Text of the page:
The bad student complained all the time. He expressed disinterest in nearly everything except computer games and tried to justify himself by giving the impression that he was disadvantaged for one reason or another. He did not signal an ounce of hope. He had nothing positive to say. He was disrespectful to me. He failed to do nearly everything I asked students to do in the class. He always gave lame excuses. He was the first to ask to end the class early. He did not follow lessons. I think he was manipulative. He knew that other guys would be compelled to show support and defend him. I think he was mischievous enough to want to affect the atmosphere and drag others down with him to his muddy existence. I also think that he was enough of a smart ass to consider himself good enough at English to be able to coast without thinking and still get an A. This tactic had not paid off. Because he was not heeding me and not following class activities, he performed poorly at a major assignment. Of course, he complained and seemed not to understand how a low mark was possible in his case, but I stood by my marking and explained how. I gave him a lecture about motivation and not choosing to study subjects that do not inspire passion, rejecting any morsel of suggestion that it might be the teaching that was the cause of his woes.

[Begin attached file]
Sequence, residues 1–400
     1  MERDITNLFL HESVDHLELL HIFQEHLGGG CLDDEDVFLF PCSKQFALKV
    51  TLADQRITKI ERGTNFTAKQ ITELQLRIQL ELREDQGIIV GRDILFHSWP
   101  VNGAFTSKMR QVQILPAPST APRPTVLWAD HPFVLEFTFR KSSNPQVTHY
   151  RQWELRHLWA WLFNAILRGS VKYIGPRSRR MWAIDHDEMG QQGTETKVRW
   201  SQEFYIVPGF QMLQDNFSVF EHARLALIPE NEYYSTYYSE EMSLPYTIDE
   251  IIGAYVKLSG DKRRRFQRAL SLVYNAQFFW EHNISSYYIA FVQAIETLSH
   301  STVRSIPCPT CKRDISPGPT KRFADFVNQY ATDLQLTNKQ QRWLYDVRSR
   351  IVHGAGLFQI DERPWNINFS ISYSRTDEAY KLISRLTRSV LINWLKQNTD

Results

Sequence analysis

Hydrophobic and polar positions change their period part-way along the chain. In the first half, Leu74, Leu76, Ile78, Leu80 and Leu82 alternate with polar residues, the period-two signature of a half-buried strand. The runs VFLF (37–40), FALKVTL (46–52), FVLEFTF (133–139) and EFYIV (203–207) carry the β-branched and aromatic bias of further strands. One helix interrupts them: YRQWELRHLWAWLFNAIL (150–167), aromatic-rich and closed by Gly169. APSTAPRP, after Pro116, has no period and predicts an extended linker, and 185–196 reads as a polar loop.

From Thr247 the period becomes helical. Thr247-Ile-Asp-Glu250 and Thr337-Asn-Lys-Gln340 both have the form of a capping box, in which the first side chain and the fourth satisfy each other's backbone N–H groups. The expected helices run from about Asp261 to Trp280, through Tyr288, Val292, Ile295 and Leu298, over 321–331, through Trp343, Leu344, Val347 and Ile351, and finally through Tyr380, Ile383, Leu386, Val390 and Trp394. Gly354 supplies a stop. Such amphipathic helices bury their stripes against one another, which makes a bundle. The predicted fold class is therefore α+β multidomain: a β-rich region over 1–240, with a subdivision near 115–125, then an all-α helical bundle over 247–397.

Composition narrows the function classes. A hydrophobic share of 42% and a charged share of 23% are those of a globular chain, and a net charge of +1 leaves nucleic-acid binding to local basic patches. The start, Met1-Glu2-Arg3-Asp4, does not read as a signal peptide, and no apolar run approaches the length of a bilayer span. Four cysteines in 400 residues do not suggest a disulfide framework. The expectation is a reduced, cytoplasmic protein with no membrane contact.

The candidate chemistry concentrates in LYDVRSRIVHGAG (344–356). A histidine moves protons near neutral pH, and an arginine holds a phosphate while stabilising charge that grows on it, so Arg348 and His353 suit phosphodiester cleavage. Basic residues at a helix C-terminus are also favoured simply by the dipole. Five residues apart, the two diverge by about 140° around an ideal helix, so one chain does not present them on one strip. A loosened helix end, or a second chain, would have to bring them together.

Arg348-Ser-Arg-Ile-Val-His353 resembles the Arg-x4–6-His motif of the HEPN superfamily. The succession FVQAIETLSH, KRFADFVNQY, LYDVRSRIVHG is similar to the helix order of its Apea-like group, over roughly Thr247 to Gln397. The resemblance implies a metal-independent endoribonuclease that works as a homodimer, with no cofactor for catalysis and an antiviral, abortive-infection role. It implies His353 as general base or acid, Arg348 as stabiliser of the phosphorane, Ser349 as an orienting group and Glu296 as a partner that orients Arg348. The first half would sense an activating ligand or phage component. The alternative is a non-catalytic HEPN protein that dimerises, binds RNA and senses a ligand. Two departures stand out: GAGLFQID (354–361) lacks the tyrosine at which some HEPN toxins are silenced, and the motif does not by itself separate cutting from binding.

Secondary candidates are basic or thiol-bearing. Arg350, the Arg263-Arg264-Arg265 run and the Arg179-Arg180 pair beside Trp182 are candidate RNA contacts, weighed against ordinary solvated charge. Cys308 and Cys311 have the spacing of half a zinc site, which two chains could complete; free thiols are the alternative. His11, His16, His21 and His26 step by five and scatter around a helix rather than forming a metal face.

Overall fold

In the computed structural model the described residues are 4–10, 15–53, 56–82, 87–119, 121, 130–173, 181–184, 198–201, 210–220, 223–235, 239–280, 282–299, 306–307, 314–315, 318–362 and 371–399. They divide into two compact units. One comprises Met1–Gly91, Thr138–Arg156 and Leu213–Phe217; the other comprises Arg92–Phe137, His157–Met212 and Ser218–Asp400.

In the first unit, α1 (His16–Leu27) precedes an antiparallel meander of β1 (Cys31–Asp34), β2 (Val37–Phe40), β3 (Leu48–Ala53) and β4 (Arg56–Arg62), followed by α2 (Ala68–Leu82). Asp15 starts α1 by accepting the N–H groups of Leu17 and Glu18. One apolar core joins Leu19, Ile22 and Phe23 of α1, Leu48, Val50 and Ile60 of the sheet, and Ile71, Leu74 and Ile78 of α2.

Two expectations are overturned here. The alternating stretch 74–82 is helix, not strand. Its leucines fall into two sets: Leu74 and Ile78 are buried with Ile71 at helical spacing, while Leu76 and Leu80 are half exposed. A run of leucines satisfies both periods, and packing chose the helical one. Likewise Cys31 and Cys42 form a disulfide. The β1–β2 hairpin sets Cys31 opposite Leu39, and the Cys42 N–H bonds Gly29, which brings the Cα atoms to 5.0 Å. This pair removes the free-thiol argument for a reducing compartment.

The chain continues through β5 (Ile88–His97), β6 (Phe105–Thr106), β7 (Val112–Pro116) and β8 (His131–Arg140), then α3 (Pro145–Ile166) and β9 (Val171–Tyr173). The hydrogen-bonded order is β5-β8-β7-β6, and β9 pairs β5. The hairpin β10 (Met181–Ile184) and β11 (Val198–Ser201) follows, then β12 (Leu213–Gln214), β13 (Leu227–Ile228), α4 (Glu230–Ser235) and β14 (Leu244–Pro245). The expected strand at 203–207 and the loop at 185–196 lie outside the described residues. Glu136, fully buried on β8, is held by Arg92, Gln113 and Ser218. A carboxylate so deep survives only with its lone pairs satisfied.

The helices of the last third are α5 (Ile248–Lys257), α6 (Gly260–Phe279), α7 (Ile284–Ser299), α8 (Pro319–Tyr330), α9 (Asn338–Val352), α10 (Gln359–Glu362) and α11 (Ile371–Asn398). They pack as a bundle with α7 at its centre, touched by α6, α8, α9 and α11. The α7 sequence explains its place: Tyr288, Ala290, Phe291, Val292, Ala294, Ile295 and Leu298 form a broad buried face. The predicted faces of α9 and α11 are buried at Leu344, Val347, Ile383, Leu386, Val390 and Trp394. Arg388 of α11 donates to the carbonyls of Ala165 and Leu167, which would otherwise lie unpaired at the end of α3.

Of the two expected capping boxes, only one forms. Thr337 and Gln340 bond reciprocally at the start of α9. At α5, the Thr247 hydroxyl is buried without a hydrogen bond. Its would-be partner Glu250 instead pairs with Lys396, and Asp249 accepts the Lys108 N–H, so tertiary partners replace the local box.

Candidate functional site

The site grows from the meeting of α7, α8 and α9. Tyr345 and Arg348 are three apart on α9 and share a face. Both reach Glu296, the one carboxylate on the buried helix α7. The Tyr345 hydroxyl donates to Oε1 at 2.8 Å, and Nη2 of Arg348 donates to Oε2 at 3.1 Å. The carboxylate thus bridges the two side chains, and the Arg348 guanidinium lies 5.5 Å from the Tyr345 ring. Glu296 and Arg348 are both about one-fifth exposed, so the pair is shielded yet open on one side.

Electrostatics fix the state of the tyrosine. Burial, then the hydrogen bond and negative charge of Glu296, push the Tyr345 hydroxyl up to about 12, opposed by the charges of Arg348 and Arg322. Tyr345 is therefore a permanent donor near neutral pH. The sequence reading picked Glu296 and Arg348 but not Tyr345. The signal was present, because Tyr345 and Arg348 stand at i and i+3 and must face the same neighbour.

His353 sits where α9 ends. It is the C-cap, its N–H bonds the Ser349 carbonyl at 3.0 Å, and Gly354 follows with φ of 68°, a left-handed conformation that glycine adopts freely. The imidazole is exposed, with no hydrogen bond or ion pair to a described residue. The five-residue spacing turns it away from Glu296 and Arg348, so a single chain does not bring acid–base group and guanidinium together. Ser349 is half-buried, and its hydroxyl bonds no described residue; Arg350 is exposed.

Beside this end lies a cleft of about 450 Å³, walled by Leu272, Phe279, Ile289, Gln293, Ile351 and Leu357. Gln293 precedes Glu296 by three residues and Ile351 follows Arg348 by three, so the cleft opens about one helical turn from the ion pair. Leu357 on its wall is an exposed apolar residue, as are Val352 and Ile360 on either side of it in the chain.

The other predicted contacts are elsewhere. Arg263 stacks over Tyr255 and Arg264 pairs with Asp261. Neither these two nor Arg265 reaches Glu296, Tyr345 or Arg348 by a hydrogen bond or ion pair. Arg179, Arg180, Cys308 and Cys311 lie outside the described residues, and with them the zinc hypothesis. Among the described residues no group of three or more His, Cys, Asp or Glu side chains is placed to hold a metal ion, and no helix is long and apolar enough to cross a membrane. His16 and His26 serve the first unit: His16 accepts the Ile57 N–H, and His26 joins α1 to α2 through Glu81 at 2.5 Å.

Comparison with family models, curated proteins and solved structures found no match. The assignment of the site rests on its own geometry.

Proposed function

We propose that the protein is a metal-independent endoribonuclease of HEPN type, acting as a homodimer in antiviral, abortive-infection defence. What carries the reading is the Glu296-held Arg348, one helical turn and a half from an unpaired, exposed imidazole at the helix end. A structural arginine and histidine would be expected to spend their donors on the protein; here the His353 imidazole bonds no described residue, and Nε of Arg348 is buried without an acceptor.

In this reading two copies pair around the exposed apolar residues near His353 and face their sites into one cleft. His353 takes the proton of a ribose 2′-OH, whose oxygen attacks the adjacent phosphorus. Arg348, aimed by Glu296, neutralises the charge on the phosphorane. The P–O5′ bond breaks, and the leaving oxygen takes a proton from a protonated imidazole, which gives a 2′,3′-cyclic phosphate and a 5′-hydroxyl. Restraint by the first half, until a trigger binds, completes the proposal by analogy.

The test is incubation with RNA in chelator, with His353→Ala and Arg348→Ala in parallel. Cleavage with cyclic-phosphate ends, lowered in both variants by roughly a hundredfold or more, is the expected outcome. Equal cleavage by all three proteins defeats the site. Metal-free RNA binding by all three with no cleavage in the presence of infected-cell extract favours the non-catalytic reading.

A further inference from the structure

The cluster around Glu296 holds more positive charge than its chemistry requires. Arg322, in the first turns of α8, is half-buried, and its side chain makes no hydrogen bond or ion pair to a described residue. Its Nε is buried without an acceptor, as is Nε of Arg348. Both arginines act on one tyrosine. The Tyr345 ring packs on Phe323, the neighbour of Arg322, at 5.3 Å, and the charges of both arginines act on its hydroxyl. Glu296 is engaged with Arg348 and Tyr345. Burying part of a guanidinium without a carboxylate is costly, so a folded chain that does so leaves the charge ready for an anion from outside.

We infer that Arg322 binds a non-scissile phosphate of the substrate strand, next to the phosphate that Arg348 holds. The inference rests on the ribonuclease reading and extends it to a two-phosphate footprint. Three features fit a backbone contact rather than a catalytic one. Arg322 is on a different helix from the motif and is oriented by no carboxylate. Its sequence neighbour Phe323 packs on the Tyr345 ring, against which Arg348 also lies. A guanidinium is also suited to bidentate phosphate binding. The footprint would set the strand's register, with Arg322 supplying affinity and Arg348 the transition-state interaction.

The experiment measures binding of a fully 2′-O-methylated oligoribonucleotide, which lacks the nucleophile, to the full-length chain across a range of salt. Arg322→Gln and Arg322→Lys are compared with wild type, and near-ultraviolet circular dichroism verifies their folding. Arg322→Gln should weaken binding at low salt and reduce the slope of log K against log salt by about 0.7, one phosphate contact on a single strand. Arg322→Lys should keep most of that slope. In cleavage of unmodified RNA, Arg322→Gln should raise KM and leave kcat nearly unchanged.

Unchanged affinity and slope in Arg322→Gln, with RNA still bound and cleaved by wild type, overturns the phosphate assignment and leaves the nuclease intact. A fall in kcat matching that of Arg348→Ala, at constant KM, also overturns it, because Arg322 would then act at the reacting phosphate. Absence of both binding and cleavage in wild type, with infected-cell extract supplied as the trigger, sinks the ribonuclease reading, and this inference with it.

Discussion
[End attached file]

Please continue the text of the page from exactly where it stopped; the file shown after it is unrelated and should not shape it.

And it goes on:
This guy missed a couple of classes, though he was counting on a good attendance record to squeak through with an A or B+, I guess. It sure was nice when he did not show up. His absence brightened up the atmosphere and made the experience agreeable. 

On the last day, he again asked to leave early. The plan was a test followed by a last class of the semester party of sorts. I had promised to bring refreshments, which I had done. Yet, this worm was rude enough to actually ask me to leave right after the test. I said, "Yes, please leave. Leave forever. Do not come back. Do not sign-up for my classes ever again. You have a bad attitude. I don't want you around." That penetrated his feeble consciousness a little, and he showed a little shame. He stuck around, and I treated him like any other class member, offering him biscuits and drinks, but I really would have preferred him gone.